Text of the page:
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1988 Spider Quadrifoglio
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Discussion Starter #1
Hello all,

I've been lurking here absorbing the vast amount of information for the past few months. I thought I should stop being rude and introduce myself.

I bought this car in the summer. It's a US market car that was shipped to Japan on purchase, where it stayed till 2008. It was then bought at auction and imported into Canada. It's been in British Columbia since. 40,000 miles on the odometer. The car is almost entirely rust free. There are just a couple spots above the belt line where water sat and caused trouble in the upper body. The gearbox shifts nicely, 2nd gear synchro seems healthy.

This summer I put on a new cheapo Ebay vinyl top myself. Boy was it tricky, and I didn't do such a great job, as you can see in the photos. At least it doesn't leak in the rain. It's only there for when it's parked, as I don't fit in the car properly with the top up anyways (tall torso). The intent is to keep this top on for a couple of years until I have a space where I can take the car apart and do a semi-restoration. At that point I'll have a nicer top put on.

I just cleaned and resealed the tank with the POR-15 kit (hopefully it holds up, that was tedious job) and replaced the fuel pumps, pump screen and filter. The old crumbling vacuum lines and fuel lines were all replaced, and there are new Standard-Auto brand fuel injectors. Various electrical things were dead or weak (power windows, power mirrors, some lights), but cleaning and lubricating things got everything working right. Speedometer was dead, odometer was not, so reading here that the calibration pot was usually the culprit. I replaced it, et voila! I now know how slow I'm going. Replaced the tachometer pot and bunch of bulbs while I was at it.

I replaced the U-joints and the gearbox mount and that fixed the driveshaft knocking-around issues at roll-off. Unfortunately ran out of time on the front half of the drive shaft. I still have to do the drive shaft carrier and the flex disc. The flex disc was replaced by the previous owner and looks OK, but I just don't trust it with the leaky gearbox right next to it spraying gear oil everywhere. Hopefully replacing the driveshaft carrier cures the drive-line vibration I have at ~ 40mph/65 km/h.

Also on the list are resealing the gearbox and engine (it marks its territory with much gusto), replacing some 33 year old goopy suspension bushings, new Koni red shocks, and some exhaust work.

AC components are all there, there seems to be pressure in the system based on the old "give the filler valve a quick poke" test, the compressor is not seized, but the drive belt is missing. Will have to put a new belt on to test it ... maybe the AC works? That'll be neat.

The previous owner had the head gasket replaced, the radiator re-cored and the brakes re-done, along with bunch of other little things.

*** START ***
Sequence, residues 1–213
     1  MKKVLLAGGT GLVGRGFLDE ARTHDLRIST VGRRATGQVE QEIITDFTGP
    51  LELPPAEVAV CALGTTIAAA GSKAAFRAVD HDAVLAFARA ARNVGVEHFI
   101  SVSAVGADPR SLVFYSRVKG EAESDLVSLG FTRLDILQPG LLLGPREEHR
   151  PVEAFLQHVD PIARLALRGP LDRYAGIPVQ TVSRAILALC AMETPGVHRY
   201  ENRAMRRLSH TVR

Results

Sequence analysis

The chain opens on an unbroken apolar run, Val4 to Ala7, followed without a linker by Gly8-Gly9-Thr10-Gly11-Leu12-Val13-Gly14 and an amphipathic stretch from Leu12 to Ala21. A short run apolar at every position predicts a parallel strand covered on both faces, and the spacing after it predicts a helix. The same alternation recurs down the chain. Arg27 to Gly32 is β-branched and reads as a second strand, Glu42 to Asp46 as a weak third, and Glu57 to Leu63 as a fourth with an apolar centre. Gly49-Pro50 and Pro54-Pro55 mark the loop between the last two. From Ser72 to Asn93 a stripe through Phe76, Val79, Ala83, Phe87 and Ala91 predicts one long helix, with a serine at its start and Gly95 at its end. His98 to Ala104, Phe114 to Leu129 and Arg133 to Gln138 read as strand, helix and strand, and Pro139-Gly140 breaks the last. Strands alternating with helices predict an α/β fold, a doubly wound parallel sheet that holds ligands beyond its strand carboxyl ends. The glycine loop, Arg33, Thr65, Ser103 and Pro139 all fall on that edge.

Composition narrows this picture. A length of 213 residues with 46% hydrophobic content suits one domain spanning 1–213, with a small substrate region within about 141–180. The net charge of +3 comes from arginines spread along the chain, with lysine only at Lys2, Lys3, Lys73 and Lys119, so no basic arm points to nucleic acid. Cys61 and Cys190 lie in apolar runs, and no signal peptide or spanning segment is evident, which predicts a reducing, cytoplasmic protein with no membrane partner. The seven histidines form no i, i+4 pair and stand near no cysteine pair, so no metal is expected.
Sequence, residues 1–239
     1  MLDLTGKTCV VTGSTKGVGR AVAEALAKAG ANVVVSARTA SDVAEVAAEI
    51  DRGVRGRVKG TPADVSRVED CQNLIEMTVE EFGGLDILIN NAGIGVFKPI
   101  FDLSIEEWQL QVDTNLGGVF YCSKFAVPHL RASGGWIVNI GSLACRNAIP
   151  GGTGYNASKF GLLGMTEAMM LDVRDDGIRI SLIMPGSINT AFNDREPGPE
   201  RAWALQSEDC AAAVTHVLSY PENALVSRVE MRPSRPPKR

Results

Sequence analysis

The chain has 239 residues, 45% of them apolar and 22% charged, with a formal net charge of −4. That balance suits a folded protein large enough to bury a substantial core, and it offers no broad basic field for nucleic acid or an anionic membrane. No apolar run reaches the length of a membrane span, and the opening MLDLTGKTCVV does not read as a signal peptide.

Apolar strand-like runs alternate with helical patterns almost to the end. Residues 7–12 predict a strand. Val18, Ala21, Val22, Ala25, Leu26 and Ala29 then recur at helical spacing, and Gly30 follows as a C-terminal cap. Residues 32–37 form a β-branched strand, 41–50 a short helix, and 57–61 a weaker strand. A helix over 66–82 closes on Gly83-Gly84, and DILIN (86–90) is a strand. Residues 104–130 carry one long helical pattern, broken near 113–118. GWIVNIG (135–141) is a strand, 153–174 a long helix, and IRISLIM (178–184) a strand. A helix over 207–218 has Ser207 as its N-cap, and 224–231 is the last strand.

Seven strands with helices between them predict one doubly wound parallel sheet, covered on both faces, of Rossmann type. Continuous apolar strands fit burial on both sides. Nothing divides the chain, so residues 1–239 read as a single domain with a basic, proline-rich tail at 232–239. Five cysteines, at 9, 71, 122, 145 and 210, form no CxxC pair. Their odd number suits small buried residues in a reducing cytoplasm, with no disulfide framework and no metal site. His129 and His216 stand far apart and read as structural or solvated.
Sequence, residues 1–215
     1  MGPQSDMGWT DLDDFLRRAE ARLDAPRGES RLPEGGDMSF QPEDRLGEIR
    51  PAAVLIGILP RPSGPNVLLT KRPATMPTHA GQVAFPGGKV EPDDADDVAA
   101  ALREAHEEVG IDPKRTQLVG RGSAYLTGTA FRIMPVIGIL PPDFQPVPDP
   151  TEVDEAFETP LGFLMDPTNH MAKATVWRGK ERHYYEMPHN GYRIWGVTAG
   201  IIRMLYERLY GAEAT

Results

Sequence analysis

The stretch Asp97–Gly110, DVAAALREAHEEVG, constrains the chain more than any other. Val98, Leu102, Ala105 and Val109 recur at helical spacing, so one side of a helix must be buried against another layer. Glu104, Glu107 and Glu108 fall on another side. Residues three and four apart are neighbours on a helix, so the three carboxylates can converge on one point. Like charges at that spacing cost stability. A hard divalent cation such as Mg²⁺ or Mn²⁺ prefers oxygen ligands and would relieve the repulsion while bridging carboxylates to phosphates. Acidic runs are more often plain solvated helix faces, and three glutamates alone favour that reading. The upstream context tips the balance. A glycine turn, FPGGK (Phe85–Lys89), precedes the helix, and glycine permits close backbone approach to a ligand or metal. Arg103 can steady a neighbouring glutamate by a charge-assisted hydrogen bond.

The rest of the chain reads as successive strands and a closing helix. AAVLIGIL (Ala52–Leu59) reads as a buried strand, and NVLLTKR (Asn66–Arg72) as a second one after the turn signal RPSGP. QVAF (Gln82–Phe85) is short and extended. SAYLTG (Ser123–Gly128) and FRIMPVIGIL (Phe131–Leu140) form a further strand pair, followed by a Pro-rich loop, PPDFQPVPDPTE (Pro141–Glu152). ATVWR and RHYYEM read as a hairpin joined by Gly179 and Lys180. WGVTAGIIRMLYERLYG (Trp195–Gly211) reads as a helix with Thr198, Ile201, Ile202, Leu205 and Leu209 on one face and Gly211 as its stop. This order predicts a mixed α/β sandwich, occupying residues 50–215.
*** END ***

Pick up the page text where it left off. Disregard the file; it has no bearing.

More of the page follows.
The car idles and accelerates smoothly, but it does seem like it's slower than it should be. I'm not sure if there's a problem with the fuel injection/ignition system, or if that's just the way the car is. This is my first Alfa so I don't have much to compare it with.

I do have a small issue at cold and warm starts - the car fires up immediately without touching the accelerator, but idles very roughly for 5 seconds or so, then build up slowly to 800-900 rpm. The alternator light remains on. On a blip of the accelerator, everything settles, alternator light goes out. It will not do this when the car has just been shut down. On a hot start, the car settles at a smooth idle immediately and the alternator light goes out by itself. I think the alternator light issue is related to insufficient engine speed not allowing for excitation of the alternator. Or maybe the voltage regulator is degrading? The brushes on the unit look OK.

I know the Auxiliary air valve is not opening sufficiently. I'll be replacing it with a manual one as described on this BB. I did do a test where I started the car AAV bypassed. The car still had the initial stumbling idle, before the engine speed picked up. I've driven L-Jet cars in the past. They should start immediately and idle perfectly regardless of the temperature, if everything is in good order.

The above is AFTER I've discovered the following problems and fixed them:

  • Corroded chassis and engine grounds. All cleaned and reconnected with dielectric grease to protect them.
  • Very minor vacuum leaks from fine cracks in vacuum hoses. Replaced hoses.
  • Cold start injector was dead. Replaced with a very similar new injector from a BMW. The Alfa specific one was way too expensive (>$300), and the BMW one (<$100) was nearly identical. Works like a charm.
  • The VVT driver circuit was fried (a bad power transistor, corroded PCB traces). The VVT solenoid itself was fine. I took apart the plug and replaced the solenoid driver circuit board inside with a copy that I made. Works now. We'll see how long my amateur PCB making job lasts.
  • Throttle position switch was not working. Took it apart and cleaned it, put it back and adjusted it. Now working great.

I've also replaced the fuel pressure regulator. No change that I can detect. I checked the fuel pressure, and I don't think there's any problem there. There shouldn't be, the fuel delivery system is all new. I'm not sure I went through the process properly, I'll test it again.

Any ideas? I find this issue very annoying. Makes the car feel like a beater.